By combining the 接続助詞（せつぞくじょし） て
, with the verb しまう
(sometimes written as 終（しま）う
), you are able to express that something was done ‘by accident’, ‘completely’, or ‘unfortunately’. These meanings may seem quite different, but we will discuss their similarities in a moment. Let’s look at a few examples of てしまう
Unfortunately, I easily get lost.
When there are a lot of snacks in my house, I completely eat them all, so I try not to buy them.
When there is ice-cream on the menu, I unfortunately order it.
I accidentally bite my tongue often.
As we can see, verbs that usually take で
instead of て
will be no different when using てしまう
will be shortened to a more casual form, which are often used in speech. These forms are as follows:
will become ちゃう
will become じゃう
Recently, I haven't been exercising, so I’m totally going to get fat.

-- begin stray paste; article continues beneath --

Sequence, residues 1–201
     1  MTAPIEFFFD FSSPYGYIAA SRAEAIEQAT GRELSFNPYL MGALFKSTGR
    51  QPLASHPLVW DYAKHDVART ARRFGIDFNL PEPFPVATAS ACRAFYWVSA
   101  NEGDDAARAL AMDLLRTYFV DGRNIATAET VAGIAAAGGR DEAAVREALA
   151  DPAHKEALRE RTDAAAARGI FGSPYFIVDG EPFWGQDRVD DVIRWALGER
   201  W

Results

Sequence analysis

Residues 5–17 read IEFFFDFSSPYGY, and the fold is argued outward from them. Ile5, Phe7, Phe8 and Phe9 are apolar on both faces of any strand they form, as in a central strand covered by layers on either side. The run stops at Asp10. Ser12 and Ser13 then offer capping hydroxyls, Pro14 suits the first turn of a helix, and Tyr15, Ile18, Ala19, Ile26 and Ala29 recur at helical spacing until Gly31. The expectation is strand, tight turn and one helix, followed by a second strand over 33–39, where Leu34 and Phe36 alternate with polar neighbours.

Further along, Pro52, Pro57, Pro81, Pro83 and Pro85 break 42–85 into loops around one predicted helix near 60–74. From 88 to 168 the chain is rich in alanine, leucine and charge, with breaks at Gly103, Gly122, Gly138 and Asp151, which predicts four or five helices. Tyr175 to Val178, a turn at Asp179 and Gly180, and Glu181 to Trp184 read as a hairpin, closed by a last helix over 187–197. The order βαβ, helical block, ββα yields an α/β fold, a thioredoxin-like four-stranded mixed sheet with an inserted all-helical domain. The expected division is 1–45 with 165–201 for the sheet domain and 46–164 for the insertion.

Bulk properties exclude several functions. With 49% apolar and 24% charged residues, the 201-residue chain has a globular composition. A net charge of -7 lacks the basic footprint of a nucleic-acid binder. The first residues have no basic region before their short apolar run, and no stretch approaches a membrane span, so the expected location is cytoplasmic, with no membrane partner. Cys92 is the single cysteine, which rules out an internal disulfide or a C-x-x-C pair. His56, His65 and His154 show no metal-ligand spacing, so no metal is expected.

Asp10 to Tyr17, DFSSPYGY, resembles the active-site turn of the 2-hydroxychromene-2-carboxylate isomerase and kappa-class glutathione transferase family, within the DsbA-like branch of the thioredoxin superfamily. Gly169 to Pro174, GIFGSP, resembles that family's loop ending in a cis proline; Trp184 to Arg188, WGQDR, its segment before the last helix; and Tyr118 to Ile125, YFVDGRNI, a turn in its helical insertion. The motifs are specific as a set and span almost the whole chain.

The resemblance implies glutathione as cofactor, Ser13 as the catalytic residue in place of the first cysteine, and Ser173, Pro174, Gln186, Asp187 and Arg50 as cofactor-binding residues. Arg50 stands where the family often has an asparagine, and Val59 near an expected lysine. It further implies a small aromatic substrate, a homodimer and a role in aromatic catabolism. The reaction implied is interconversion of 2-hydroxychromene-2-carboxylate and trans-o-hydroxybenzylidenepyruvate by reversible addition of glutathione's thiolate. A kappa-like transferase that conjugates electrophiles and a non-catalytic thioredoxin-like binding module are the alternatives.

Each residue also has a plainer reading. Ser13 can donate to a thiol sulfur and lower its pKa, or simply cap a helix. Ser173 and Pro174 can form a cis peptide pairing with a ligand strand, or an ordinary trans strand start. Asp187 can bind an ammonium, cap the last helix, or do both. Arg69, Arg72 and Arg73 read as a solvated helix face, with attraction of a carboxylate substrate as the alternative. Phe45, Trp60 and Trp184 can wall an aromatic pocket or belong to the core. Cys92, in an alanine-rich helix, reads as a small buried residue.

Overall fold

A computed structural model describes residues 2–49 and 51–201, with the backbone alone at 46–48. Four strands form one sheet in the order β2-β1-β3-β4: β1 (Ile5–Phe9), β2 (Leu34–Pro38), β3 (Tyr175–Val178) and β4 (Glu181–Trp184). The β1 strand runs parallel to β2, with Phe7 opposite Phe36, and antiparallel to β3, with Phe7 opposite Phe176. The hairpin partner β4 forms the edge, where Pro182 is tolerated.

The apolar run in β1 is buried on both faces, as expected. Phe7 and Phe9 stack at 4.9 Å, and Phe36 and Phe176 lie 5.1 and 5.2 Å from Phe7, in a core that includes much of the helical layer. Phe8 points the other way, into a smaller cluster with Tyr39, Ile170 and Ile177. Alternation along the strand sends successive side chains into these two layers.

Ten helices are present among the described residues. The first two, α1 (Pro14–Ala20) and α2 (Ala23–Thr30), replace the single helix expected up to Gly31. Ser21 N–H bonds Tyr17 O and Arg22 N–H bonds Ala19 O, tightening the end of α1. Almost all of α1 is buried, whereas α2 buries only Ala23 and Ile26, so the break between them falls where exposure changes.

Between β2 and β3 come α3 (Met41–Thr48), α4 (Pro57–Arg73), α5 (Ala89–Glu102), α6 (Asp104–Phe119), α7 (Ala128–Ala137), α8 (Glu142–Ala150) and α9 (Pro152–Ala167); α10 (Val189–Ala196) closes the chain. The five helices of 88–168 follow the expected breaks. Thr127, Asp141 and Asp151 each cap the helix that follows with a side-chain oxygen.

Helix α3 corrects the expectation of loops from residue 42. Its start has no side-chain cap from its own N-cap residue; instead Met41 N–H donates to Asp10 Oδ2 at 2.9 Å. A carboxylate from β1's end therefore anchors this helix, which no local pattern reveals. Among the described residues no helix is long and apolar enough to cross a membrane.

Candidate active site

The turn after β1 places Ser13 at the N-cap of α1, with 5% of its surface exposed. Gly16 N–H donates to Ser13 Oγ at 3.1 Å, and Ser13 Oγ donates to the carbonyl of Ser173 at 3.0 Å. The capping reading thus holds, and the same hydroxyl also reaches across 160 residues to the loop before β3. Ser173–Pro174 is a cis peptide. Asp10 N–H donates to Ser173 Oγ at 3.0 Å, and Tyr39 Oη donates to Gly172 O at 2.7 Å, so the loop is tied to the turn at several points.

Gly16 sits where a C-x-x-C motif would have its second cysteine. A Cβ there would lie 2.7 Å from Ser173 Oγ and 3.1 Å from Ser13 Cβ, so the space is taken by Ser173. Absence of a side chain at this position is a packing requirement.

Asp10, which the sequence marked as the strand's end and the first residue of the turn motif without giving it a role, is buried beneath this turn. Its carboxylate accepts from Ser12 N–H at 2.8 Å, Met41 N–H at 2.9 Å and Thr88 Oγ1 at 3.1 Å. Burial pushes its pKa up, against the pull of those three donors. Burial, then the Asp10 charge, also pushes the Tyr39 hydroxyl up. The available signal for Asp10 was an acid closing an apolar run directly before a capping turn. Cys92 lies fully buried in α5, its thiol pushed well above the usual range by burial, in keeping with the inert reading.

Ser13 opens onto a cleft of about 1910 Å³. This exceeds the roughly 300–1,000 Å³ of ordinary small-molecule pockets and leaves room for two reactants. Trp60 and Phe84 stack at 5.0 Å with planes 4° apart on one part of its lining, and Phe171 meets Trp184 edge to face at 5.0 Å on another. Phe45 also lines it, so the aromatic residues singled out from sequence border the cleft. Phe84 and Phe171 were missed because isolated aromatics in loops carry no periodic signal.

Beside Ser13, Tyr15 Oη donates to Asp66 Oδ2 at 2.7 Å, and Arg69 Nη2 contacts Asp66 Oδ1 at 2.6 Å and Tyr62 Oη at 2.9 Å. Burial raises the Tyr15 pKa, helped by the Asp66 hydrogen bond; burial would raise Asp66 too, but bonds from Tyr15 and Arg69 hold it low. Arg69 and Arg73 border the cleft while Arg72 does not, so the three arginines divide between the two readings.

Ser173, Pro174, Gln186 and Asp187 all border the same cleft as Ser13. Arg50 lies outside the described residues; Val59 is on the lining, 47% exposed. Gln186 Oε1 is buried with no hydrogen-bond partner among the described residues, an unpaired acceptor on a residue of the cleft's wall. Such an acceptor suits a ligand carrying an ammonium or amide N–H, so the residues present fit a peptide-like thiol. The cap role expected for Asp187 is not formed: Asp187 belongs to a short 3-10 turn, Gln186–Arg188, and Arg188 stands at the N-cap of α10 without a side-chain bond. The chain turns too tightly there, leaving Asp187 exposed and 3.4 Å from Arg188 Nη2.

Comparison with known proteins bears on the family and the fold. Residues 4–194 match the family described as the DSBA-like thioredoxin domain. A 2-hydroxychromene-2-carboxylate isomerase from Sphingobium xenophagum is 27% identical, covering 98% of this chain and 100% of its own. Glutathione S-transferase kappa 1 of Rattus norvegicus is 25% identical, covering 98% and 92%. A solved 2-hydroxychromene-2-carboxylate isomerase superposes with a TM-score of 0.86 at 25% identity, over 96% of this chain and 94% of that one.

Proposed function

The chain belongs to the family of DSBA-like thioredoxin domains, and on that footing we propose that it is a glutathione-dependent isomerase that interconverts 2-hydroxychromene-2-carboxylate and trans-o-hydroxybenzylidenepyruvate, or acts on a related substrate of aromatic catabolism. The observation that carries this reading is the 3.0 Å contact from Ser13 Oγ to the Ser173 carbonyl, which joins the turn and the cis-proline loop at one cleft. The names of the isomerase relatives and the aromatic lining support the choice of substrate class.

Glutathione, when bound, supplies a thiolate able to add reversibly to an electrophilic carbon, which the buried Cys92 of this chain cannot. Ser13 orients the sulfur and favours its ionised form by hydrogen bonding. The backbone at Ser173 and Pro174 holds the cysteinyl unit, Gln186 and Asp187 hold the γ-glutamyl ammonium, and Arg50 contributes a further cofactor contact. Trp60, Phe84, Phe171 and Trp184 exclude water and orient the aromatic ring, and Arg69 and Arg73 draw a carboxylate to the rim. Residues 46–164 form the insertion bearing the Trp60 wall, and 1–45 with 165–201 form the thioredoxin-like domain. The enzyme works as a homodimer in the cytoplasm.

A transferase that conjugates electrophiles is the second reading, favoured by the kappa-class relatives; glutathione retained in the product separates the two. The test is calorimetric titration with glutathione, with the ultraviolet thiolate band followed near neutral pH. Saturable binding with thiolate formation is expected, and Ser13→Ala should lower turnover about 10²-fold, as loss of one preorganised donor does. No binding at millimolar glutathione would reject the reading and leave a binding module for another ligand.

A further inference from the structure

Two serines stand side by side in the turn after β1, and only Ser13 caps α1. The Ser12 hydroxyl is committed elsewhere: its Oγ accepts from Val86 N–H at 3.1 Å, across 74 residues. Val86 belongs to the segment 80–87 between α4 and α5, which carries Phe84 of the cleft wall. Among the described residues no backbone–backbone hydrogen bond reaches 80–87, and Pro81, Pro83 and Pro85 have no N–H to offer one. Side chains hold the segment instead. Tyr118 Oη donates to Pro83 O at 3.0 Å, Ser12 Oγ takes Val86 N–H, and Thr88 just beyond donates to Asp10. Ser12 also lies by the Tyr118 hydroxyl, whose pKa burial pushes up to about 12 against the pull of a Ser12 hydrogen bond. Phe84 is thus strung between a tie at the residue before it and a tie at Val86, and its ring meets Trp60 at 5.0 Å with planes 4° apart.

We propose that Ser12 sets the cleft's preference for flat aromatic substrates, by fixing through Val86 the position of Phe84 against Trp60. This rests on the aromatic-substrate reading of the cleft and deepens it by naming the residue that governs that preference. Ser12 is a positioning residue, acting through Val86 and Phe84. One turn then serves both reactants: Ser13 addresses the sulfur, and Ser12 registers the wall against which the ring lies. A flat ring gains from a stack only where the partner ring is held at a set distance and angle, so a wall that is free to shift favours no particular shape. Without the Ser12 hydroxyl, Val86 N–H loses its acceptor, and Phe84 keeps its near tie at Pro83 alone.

Since the flowers will unfortunately die, don’t step on them.
is most frequently written in hiragana, て仕舞（しま）う
may also be seen. There is a slight nuance difference between these two kanji structures, but the primary meaning of しまう
will always be that ‘something has come to the point where ending/ending up in a specific state cannot be avoided’. This ‘no turning back point’ may be temporary (likely to be written as 仕舞（しま）う)
, or it may be permanent (likely to be written as 終（しま）う
Due to this ‘cannot be avoided’ nuance, しまう
often comes across as ‘totally’, as in ‘ah… I totally left the chicken in the oven for too long’. In these cases, it is simply expressing the speaker's exasperation that something is ‘too late’ to change. However, despite regularly being used negatively, てしまう
can also be used positively. In these cases it still has the nuance of ‘no turning back’.
Let's completely finish my homework before I start playing video games! (I'm going to completely finish my homework before I start playing video games)
Aoki senpai, let's completely finish the report that our boss has asked us to do before work is over.